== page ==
Though the IDE can perform all the releases of a software cycle, there is a huge advantage in having a command line build. We selected Gradle to perform this task. Gradle has the bnd plugin that can read the identical build data as bndtools does, ensuring fidelity between Eclipse and the Gradle builds. Gradle can be used in any project or workspace directory. It supports the same functionality as is available in Eclipse.

One of the best practices in our industry is continuous integration. We therefore picked Travis CI because it integrates so well with GitHub. All OSGi enRoute workspaces are ready to build on Travis without any special effort except signing up and activating.

Overall, OSGi enRoute provides a complete solution based on open source to develop OSGi-based systems. This makes it an excellent environment to learn OSGi and start making applications. Though experienced OSGi users will undoubtedly miss their favorite components, we hope they do give it a chance. It is a really nice environment to quickly create applications. And after all this is OSGi, so it is straightforward to modify the environment with your own components. You will even be able to plug in Maven and IntelliJ IDEA in the near future.

Though we are at release 1.0, we need help. We've prepared a complete environment for OSGi development but we need feedback, articles, examples, and tutorials from the community. We'd like to be the central hub where many other communities collaborate. Don't hesitate to contact us or send us pull requests.

The first usage for OSGi enRoute is the OSGi IoT Contest 2015. We've created an SDK on top of OSGi enRoute for managing a railroad track or to manage a train on that track. At the OSGi Community Event in Ludwigsburg Nov 3-5 2015, we will have a contest to see who can write the best bundle to manage a track or train. If you want to explore OSGi enRoute, you might want to participate. How much more fun can a real developer have than playing with OSGi and Lego® trains?

Get involved! The OSGi IoT Contest 2015 Has Begun

So its Oct 1, 2015 and we are pleased to announce that the SDK for the OSGi IoT Contest 2015 is available as promised.  The Contest is open to all and you don't have to attend the OSGi Community Event to participate, although we would certainly love to see you there.

The OSGi Community Event is co-located with EclipseCon Europe and will be taking place from Nov 3 to 5, 2015 in Ludwigsburg, Germany. You can register for both conferences here.

The Contest SDK can be downloaded from the OSGi Alliance GitHub pages and its provided under Apache 2.0 licensing.

The release of this SDK signifies the launch of the OSGi IoT Contest for 2015 with the theme being trains.

The Contest is open from now until Wednesday November 4 if you are attending the OSGi Community Event in Ludwigsburg, or Oct 31 if you can't join us there.

We have also put together some pretty detailed guidelines [here, here and |here] on how you can participate in the Contest, along with key dates and deadlines, the SDK architecture and some important hints and tips. All of this information should set you well on your way to showing your peers your coding prowess and proficiency with OSGi.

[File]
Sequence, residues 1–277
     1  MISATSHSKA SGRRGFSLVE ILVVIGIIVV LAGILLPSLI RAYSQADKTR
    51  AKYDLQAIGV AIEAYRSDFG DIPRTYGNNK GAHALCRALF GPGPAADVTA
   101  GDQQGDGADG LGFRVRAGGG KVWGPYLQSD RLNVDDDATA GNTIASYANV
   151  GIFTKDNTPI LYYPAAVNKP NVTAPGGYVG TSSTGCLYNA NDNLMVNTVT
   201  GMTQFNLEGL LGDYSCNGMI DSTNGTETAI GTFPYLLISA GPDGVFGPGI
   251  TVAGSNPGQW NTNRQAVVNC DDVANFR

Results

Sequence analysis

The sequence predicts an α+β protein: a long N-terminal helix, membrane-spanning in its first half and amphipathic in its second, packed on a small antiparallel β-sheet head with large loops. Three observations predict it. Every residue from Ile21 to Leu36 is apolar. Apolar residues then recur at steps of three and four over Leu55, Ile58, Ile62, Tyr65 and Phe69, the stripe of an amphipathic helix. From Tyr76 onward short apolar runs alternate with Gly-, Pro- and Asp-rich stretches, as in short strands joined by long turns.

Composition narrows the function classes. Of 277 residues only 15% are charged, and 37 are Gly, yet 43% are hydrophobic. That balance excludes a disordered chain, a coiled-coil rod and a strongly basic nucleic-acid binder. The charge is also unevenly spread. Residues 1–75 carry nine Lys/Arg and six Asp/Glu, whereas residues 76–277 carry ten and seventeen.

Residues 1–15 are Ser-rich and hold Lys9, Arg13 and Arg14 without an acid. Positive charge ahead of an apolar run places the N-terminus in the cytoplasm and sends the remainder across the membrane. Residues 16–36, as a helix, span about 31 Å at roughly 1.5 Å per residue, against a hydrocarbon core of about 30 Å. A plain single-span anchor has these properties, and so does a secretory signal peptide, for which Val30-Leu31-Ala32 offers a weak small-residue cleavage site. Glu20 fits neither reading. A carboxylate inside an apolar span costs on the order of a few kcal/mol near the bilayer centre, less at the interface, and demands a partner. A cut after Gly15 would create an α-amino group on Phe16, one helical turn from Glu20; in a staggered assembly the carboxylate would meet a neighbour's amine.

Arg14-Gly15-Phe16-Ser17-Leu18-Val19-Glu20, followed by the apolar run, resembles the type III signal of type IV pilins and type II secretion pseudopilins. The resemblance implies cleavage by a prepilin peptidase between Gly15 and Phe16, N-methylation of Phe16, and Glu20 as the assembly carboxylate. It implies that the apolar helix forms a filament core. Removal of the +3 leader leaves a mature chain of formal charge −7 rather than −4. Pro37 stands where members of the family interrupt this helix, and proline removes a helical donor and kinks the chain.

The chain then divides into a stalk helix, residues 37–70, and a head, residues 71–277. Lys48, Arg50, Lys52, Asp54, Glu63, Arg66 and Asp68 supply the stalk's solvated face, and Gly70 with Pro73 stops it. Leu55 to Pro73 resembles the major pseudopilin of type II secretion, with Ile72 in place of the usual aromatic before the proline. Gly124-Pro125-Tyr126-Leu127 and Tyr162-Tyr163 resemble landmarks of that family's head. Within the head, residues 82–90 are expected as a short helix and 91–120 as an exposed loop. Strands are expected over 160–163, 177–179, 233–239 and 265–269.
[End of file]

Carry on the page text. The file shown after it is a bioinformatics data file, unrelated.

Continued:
The Contest this year is fully integrated with OSGi enRoute, which has been created to improve the developer experience when working with OSGi. Using enRoute gives developers who are newer to OSGi the perfect opportunity to try their hand at it, and moreover be in with the chance of winning a 200 Euro Amazon Gift certificate, or one of two 50 Euro runner up Amazon Gift certificates.

A dedicated OSGi IoT Contest forum has also been setup and we encourage everyone who is interested in the Contest to sign up and join the conversations.  There is no such thing as a stupid question in this forum, and you can ask anything you like about the Contest - technical, logistics, process, contest rules, you name it.

We can't wait to see your ideas and submissions.

Thursday, September 24, 2015

OSGi Developer Certification Exams Announced - Europe and N America

We have just announced the next two dates for OSGi Developer Certification Exams. These exams are open to developers from OSGi Members and non-Members and are an excellent opportunity to demonstrate and validate your knowledge and experience with OSGi.

The keen eyed of you will notice that we have renamed the exam and certification level to OSGi Developer Certification - Professional to better reflect the level of competency exhibited by the developers that pass the exam.

The next two exams will be held as follows:
  • Mon Nov 2, 2015 - 1.30pm to 5.00pm  CET in Ludwigsburg, Germany.
  • Sun Nov 15, 2015 - 1.30pm to 5.00pm CT in Chicago, IL, USA.

Full details of the exam format, exam topics covered, expected experience and what you need to bring with you to the exam is provided here.

The price of the exam is $500 per person. Students are offered a discounted price of $200 (please contact us to obtain your student discount code).

The Ludwigsburg exam is taking place the day before the OSGi Community Event and EclipseCon Europe and will be held adjacent to the Forum am Schlosspark where the conference is being held.  Anyone who  has purchased registration for the OSGi Community Event and EclipseCon Europe can obtain a 10% discount off the exam price.

The Chicago exam is taking place the day before the Liferay Symposium North America and is being held at the same location as the Liferay Symposium (Chicago Marriott Downtown Magnificent Mile).  Many thanks to Liferay for their support and assistance in organising this exam.  Delegates to the Liferay Symposium can also obtain a 10% discount off the exam price.